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This woman is teaching tourists how to swear and eat poutine like a true Quebecker

For one hour and a half, 18 bucks, and a plate of poutine, Quebec tourists and anglophones can learn the finest of curses native to Quebec.
Samuel Helguero Montreal, QC

For one hour and a half, 18 bucks, and a plate of poutine, Quebec tourists and anglophones can learn the finest of curses native to Quebec.

Yes, Alissa Boncheville who offers her services through Airbnb, has been teaching folks to swear in the provinces unique dialect—Joual.

Boncheville has so far satisfied 400 customers this year, with courses 4 times a week. At each lesson, she walks her students through some of the nation’s rich history and curses like “tabarnouche,” “sacrimouille,” or “caline.”

“Of course it’s true that people laugh! Not just my group, but the people around us. It’s amusing for Quebecers to here foreigners from around the world trying to swear!” Boncheville told the Montreal paper, 24 heures.

Those from France particularly enjoy taking her courses, wanting to be “initiated to Joual.”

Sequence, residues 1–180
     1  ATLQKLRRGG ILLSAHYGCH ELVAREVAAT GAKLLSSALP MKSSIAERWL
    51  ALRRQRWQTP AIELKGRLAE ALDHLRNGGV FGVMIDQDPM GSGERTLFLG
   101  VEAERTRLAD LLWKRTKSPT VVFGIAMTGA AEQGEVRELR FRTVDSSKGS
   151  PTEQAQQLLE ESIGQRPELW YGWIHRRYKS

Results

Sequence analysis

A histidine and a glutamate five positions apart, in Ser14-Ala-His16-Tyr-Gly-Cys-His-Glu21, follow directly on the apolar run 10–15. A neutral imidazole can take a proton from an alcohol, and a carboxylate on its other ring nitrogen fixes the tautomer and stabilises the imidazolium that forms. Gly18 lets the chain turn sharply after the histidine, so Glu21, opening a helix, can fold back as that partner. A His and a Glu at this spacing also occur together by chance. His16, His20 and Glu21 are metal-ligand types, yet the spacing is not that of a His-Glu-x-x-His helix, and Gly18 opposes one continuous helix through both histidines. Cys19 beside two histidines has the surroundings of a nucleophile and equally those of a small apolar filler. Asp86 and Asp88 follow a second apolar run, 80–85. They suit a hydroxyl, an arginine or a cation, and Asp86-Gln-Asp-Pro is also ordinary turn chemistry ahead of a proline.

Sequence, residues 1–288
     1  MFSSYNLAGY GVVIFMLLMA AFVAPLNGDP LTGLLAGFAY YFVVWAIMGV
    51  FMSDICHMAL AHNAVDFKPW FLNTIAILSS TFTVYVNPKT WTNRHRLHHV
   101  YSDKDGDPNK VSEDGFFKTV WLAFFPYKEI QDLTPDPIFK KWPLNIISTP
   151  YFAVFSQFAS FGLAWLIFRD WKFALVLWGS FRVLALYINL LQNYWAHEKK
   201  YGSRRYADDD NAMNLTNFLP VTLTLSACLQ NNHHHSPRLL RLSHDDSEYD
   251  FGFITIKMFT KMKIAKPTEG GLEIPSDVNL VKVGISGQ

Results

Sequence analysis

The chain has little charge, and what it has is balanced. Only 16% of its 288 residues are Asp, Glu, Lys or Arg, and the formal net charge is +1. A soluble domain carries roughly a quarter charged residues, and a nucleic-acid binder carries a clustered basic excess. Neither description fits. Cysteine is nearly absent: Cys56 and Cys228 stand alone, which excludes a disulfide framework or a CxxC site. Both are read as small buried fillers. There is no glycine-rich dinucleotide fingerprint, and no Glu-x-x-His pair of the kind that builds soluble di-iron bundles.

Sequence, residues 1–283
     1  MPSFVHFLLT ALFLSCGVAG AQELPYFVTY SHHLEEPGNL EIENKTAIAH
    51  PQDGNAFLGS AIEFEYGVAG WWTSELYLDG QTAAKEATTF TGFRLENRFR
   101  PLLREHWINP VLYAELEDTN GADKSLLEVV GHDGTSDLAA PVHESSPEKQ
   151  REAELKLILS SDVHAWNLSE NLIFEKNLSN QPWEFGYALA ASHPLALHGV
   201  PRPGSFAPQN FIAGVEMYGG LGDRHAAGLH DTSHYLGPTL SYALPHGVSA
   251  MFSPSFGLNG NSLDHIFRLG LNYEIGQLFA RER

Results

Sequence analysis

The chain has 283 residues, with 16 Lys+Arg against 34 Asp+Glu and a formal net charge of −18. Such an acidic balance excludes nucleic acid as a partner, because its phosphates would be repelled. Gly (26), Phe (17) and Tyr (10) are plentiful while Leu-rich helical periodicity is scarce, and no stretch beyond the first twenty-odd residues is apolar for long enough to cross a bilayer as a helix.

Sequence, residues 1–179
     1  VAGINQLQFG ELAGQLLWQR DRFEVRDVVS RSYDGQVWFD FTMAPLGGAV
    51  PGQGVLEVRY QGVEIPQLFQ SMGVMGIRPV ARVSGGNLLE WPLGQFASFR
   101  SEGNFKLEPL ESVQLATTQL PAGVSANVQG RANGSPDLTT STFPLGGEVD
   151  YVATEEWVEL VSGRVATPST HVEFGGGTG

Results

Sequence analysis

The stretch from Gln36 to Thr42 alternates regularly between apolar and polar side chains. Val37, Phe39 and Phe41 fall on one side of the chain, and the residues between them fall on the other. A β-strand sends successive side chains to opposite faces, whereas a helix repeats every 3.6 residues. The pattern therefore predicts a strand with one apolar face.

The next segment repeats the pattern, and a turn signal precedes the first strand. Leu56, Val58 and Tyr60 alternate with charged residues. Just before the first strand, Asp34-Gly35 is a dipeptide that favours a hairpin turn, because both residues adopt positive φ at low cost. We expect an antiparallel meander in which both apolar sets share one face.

For many living outside of Quebec, they are unfamiliar with the mere existence of Joual before arriving to Montreal and listening to the varieties of French the island can offer.

However, it is not long before one begins to recognize the unmistakable distinctness of a language common to the cities working-class. Even French speakers have trouble comprehending what can sometimes sound like a mouth rapidly juggling to escape an excess of chewing gum.

Not unusual to speakers of Joual, is the intermittent cursing, that flows out energetically in dialogue.

Indeed, during her lessons, Boncheville has been asked several times to leave the restaurants where she’s taken up her practice.

“When we feel like we’ve gotten someone upset or if there are kids at a nearby table, I leave with my group,” said Boncheville.

Among the more child-friendly content, are the 20-minute lessons the instructor offers in Quebec history. She guides students through the story of a nation that has so often been concerned with the preservation of it’s particular French element.

Thus, with a lesson in history, and the offering of a few words in Joual, Bouncheville justifies the naming of her course, “Quebecer class”.

It was Boncheville’s “passion for Joual” that got her to make her first postings on Airbnb. Ever since, she has had success.

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Samuel Helguero
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